Whatever you do in Belarus with your friends, don’t do nothing.
In response to a growing number of protests against the country’s ruling party, Russia’s neighbor published legislation Friday that would prevent large groups of people from engaging in planned gatherings at public locations even to do nothing, according to the New York Times.
The move appeared to be an effort to discourage organizers who have mobilized protests more and more online, getting flash mobs to appear in the capital, Minsk, doing everything from clapping to walking in a coordinated, public fashion. Sounds threatening, right?
The Times reports on the language of the law, saying it prohibits:
Joint mass presence of citizens in a public place that has been chosen beforehand, including an outdoor space, and at a scheduled time for the purpose of a form of action or inaction that has been planned beforehand and is a form of public expression of the public or political sentiments or protest.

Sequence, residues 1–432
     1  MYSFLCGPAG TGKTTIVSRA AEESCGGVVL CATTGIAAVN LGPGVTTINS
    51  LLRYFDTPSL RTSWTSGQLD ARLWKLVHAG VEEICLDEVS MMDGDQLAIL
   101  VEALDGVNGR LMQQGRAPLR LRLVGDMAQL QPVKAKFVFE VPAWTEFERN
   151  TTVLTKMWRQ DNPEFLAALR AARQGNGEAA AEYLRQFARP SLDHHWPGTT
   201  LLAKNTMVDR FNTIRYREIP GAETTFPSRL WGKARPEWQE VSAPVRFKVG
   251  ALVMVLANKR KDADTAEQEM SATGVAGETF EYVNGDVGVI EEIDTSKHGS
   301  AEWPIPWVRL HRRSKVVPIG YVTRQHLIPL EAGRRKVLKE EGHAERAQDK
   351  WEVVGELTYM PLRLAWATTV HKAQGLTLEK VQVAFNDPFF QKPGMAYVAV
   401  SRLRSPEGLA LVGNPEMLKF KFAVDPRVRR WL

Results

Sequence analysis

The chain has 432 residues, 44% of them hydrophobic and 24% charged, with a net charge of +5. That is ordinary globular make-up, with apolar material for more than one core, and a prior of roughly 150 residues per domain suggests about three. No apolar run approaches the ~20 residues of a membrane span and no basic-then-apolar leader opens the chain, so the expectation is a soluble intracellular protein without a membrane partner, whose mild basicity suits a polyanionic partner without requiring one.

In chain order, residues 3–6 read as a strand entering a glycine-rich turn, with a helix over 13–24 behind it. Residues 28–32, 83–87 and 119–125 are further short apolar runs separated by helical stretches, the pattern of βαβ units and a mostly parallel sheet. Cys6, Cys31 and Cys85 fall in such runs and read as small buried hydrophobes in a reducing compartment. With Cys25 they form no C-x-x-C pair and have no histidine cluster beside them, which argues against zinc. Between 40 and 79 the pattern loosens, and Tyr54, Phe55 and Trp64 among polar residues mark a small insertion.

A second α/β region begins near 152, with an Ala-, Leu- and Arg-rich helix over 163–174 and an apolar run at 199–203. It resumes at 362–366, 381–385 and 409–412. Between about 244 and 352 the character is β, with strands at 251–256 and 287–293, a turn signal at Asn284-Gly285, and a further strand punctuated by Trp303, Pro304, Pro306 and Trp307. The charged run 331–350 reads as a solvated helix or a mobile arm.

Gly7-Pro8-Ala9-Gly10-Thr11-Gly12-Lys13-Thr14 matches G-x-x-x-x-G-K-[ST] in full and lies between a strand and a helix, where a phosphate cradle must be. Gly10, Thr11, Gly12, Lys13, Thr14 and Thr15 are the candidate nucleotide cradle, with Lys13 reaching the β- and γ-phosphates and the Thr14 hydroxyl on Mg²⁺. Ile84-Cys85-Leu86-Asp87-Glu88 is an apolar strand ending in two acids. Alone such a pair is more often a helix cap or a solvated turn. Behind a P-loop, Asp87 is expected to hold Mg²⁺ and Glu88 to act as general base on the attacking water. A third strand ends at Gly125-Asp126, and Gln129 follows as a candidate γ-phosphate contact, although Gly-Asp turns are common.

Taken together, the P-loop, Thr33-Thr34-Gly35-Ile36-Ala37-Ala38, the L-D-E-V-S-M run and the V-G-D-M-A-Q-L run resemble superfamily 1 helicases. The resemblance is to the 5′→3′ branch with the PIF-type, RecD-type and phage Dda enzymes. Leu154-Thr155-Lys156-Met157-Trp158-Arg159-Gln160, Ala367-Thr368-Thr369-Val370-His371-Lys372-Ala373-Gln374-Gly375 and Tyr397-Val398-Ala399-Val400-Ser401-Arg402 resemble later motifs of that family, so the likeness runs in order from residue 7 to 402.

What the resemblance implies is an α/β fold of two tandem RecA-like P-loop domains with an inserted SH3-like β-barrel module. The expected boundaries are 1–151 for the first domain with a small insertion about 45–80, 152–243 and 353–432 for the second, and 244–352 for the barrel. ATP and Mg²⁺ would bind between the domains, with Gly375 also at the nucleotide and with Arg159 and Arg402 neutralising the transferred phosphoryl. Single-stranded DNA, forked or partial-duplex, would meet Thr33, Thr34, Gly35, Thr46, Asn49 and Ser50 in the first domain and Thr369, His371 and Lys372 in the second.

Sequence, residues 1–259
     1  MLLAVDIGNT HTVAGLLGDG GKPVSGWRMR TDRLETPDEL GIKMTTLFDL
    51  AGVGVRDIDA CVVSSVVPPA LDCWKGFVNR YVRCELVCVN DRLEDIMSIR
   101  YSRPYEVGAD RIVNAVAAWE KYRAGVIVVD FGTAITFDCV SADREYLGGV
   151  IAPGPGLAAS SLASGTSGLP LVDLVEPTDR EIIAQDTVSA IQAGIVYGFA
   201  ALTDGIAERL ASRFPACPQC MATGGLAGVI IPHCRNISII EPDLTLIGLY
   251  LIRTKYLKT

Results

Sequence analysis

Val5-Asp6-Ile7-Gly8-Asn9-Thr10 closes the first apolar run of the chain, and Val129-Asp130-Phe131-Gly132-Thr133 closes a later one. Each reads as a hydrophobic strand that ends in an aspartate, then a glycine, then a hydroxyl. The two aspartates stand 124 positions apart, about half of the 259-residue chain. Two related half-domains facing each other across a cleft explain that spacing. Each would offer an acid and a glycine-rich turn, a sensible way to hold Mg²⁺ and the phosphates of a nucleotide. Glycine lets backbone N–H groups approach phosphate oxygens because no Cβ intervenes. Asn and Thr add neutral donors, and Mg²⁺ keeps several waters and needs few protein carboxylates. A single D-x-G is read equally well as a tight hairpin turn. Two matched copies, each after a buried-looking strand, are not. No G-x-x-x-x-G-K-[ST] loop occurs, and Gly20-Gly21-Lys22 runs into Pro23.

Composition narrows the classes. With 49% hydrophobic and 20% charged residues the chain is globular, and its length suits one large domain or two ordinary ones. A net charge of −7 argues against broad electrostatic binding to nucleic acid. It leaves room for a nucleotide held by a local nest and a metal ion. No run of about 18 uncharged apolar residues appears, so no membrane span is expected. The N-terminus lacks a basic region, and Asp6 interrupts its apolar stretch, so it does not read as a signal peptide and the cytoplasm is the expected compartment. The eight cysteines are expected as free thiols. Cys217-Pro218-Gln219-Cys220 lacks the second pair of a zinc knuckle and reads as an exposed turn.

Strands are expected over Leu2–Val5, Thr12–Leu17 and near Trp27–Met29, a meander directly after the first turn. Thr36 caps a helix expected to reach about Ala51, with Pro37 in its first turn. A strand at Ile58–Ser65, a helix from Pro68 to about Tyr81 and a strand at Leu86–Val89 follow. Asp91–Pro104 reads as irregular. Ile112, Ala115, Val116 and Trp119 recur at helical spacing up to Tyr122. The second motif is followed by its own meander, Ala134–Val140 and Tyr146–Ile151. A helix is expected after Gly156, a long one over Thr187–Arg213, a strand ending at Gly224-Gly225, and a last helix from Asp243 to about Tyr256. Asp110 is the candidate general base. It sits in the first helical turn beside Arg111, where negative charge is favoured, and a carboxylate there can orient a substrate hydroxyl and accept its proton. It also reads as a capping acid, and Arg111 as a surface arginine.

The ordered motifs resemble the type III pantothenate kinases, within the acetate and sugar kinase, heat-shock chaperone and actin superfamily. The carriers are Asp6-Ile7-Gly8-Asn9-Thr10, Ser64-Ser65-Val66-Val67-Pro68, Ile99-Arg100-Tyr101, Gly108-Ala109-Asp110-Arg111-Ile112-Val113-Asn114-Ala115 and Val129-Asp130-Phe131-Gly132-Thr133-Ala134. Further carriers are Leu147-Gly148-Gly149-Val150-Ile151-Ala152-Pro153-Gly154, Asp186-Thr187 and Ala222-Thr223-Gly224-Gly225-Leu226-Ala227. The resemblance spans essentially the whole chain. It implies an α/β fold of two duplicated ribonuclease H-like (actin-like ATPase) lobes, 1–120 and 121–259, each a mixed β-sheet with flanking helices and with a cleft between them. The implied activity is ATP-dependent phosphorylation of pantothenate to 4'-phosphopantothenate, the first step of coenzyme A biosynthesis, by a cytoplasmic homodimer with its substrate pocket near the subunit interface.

As silly as it may sound, the new rule is part of a very real crackdown on citizens who over the spring and summer have been calling for President Alexander Lukashenko to step down. The country has a history of denying permits to protesters, and the latest step tries to further justify authorities' use of force against organizers.
The BBC reported on a protest of several thousand at the end of June, where participants and a few journalists at the “silent rally” were violently rounded up and thrown in unmarked police vehicles. Many were held for several days. The new law levies a punishment of 15 days of administrative arrest.
Watch an apparent video of one of the clapping protests in June: